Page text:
Lack of understanding of general excise tax creates confusion
Hawaii’s general excise tax is the envy of every other state that imposes a retail sales tax because of its broad base — it is applied at nearly every transaction.
Retail sales taxes, found in more than 40 states, are usually imposed only on goods and then, only on the end-user or consumer of the goods. Hawaii’s GET is imposed not only on goods, but also on services. It is imposed even when the goods or services purchased will eventually be resold to someone else.
The other significant difference is that Hawaii’s GET is a liability of the business selling those goods or services “for the privilege” of doing business in Hawaii, whereas a retail sales tax is the liability of the customer. In states with retail sales tax, the business is merely a collection agent for the city, county or state government that levies the tax. In some cases, the business collecting the tax for the state or county is compensated for that chore by being able to retain a portion of what is collected. With the GET, the amount paid to the state tax collector is a percentage of what the business puts into the cash drawer, including the amount sometimes shown as the GET. The state rate is 4 percent, but in Honolulu the additional 0.5 percent for the rail system is tacked on to the basic state rate.
Since the amount “passed on” to the customer as the GET becomes a part of what the business collects and puts into the cash drawer, when it comes time to pay the tax collector what’s due, the business must pay 4 percent on the amount that has been passed on to the customer. As a result, consumers see a rate of either 4.16 percent on the neighbor islands or 4.712 in Honolulu. Some argue that businesses should charge only the statutory rate of 4 or 4.5 percent. The Department of Taxation is only interested in the amount being remitted to the state. However, it is against the law for a business to state there is no GET imposed on a transaction.
A business can show the tax amount separately, but that is not required by law. In fact, before the changes made to the Internal Revenue Code in 1957, businesses did not separately show the tax because it was viewed as a tax on the gross income of the business. Only when the deduction for state sales taxes was added to the Code did the retail community pursue the IRS recognition of the tax as a “retail sales tax” for federal purposes, then the tax began to be shown separately.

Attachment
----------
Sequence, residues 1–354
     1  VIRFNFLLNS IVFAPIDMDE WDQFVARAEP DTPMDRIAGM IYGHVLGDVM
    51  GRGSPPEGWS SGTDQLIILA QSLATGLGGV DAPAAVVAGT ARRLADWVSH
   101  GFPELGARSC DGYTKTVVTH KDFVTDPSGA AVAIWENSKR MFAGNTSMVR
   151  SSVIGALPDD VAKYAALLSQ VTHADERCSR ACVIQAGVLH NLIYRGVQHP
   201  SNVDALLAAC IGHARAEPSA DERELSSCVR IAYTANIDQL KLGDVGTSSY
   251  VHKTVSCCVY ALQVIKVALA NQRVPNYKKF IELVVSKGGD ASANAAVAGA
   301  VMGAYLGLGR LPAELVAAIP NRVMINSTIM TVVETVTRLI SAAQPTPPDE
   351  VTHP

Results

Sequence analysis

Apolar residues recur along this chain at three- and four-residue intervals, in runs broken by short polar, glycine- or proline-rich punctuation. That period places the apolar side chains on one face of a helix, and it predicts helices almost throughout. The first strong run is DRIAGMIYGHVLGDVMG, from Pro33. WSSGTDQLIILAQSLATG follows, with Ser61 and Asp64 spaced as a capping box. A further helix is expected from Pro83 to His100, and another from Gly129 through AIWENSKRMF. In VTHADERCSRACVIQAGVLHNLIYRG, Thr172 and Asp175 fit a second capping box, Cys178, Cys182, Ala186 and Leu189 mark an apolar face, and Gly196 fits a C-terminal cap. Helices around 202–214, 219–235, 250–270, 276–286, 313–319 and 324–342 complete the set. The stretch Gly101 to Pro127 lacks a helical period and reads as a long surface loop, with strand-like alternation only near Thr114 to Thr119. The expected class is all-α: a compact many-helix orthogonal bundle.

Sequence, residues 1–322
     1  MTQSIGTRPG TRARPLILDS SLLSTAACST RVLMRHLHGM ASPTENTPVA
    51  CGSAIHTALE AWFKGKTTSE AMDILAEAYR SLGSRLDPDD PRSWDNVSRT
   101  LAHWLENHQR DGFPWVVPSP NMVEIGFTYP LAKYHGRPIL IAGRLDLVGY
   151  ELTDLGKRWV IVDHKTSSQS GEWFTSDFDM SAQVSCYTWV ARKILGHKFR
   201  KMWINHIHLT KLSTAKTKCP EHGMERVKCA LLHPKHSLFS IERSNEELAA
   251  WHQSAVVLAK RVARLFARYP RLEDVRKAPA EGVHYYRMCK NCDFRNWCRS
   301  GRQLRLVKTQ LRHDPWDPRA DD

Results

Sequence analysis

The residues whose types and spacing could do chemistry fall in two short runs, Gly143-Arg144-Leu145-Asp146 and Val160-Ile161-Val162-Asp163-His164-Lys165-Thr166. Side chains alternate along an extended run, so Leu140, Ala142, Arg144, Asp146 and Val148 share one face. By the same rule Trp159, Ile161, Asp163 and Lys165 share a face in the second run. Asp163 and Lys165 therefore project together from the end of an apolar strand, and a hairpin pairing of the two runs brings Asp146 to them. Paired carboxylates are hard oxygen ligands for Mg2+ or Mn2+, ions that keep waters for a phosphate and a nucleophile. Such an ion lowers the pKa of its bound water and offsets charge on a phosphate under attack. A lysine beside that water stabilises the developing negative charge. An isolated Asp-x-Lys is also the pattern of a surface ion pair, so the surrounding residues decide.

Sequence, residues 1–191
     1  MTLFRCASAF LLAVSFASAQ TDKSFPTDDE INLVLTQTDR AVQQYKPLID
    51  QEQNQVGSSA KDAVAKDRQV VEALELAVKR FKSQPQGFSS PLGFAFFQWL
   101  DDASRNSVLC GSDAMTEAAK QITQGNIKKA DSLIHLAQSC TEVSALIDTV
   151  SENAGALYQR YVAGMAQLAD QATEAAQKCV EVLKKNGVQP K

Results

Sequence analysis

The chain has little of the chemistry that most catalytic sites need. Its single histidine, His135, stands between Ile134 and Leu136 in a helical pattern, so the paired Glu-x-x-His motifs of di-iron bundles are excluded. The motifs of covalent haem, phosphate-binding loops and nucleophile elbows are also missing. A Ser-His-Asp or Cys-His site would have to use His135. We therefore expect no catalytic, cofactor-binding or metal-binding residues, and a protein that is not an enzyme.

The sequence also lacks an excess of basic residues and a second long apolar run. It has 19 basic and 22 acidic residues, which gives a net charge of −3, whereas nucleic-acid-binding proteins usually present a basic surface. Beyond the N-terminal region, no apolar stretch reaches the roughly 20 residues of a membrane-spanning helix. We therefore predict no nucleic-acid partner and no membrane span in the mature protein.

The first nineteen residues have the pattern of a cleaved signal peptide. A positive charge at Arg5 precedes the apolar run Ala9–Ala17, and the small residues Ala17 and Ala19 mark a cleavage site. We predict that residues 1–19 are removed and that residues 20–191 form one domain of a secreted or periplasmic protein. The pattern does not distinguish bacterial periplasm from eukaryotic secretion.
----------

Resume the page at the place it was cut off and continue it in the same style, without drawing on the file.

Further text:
Today, because of price competition among businesses, nearly all businesses list the GET as a separate line item. Showing the tax separately also helps shift the blame to government for the added cost to the price of a product or service. However, merely charging the tax separately does not relieve the business of the tax burden. Because the 4 percent tax is levied on everything in the cash drawer, including the passed on tax amount, the business must pay part of the GET due out of its markup or margin. When a business, such as a grocery store, operates on a slim profit margin, the amount of GET paid out of the margin leads to a “make-it or break-it” point.
For the customer, the GET is just another charge added to the bill, but for a business, the tax can determine whether or not it can stay in business. One might say the tax is being passed on to the customer, so the business should be able to pay the tax and stay in business. That might be true for a business that can charge whatever it wants because the demand is high for the product or service it sells, but where there is competition, the profit margin for goods or services may not be sufficient to cover the cost of the tax. If a business cannot charge enough for the product or service to cover the GET obligation that can’t be passed on, it will soon be out of business.
Because GET is a tax on gross income, it is due whether a business is profitable. Take, for example, a business that is having a “going-out-of-business” sale, and selling everything below cost. The business is making no profit on those sales, yet the GET will still be due on the amount taken in from the sale.
For the average taxpayer who believes the cost of the tax can just be passed on to the customer, they don’t see that the business must still take something out of its mark up to pay the tax over and above what was passed on.
Lowell L. Kalapa is president of the Tax Foundation of Hawaii.